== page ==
20 March 2013

Kingsley Amis' The Green Man

I discovered Kinglsey Amis via his son Martin. Interviewers salivate at the slightest hint of a juicy detail or tasty tidbit from Martin's family life; sharks, blood in the water come to mind. So, having enjoyed Amis' Jr.'s work, I decided to see what Sr. had gotten up to in his novels.

Both Amises are cynics and both love to write about sex. While Martin's cynicism pours a tidal wave of filth into his writing, Kingsley's manifests itself as a series of sly digs at the world. And while Martin revels in histrionic and/or disturbing eroticism, Kingsley restrains himself to having a womanizing protagonist whose goal in life is to have a threesome with his wife and his doctor's wife. The mood is droll rather than creepy. Both strike me as naughty fellows for their time, but Kingsley is from a much politer time.

Stylistically, the politeness of Kingsley's era also shows. Martin tinkers with structure and voice. He mirrors characters against each other, having one rise while the other falls; he writes a character named "Martin Amis" into one of his novels; Another, Time's Arrow moves backwards through time; and so on. The closest The Green Man comes to post-modernism is when the narrator rants against the novel as an art form and novelists as people.

The Green Man is told from the point of view of Maurice Allington, a hotelier/bartender who entertains his customers with ghost stories. Other than sex and alcohol, he is not the kind of person who is interested in things. Throughout the course of the novel, he expresses dislike for TV, food, guests, wine, novels, artichokes, and rock and roll. He fills his narrative with sly cynic quips such as "The last stages of the conversation were lengthened by  my guest's habit of pausing frequently in search of some even more roundabout way of expressing himself than the one which first occurred to him." (Who hasn't known someone like that? Haha.) He hardly talks to his daughter, he hardly notices his wife, and when his father dies, he hardly cares. He has health problems; he cares about them. Others worry about his sanity and wish he would drink less. Ghosts haunt the hotel and teach Maurice to care about his family. The novel contrasts the hard facts of science with the tender magic of spirituality. (This reminded me of Iris Murdoch's The Sea, The Sea. Perhaps a common concern of post-WWII Brit novelists?)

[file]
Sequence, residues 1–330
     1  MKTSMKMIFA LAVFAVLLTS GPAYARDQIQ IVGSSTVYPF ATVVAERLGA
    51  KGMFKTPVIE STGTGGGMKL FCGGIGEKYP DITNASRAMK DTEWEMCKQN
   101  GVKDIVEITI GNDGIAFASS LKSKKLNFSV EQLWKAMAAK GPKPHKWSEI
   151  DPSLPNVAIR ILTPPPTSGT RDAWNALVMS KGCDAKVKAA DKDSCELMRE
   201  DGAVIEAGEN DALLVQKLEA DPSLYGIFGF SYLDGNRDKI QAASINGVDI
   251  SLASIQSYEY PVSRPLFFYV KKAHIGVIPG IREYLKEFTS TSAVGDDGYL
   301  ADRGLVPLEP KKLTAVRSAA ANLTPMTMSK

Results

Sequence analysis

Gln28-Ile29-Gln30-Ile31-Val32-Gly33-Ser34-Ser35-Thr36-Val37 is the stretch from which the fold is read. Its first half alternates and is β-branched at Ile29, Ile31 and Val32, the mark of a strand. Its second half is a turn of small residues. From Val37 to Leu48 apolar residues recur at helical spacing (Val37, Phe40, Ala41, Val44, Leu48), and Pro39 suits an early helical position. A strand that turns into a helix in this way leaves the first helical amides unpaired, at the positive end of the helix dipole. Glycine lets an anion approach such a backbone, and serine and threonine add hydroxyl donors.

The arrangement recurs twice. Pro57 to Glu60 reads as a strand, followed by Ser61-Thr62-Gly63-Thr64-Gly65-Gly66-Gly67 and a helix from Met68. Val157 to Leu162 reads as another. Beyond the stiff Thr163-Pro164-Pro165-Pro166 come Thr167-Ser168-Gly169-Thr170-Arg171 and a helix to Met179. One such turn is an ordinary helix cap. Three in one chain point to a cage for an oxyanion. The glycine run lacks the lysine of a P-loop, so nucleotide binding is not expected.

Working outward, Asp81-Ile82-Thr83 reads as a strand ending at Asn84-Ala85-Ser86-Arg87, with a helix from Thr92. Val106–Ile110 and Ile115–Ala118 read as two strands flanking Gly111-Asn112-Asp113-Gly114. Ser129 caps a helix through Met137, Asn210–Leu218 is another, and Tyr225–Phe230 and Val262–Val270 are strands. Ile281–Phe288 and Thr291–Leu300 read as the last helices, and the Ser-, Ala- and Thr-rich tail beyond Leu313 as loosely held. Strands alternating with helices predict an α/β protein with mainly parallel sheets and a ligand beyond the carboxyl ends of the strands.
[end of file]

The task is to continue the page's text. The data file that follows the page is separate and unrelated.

Overall, I did not much care for The Green Man. Its story is quirky and cute. It would make a good oddball British movie for old people. Its narrator was grumpy. Its satire and wit were predictable, unspectacular. For example: "Soon afterwards I left, after having my offer to turn the TV set on rejected: she said she wanted to go on thinking." Sometimes I cracked a grin but sometimes it came across as an old person complaining about new things. I suppose I'll stick to Martin's weirdo post-modern raunchfests. But I did like the rant against artichokes.

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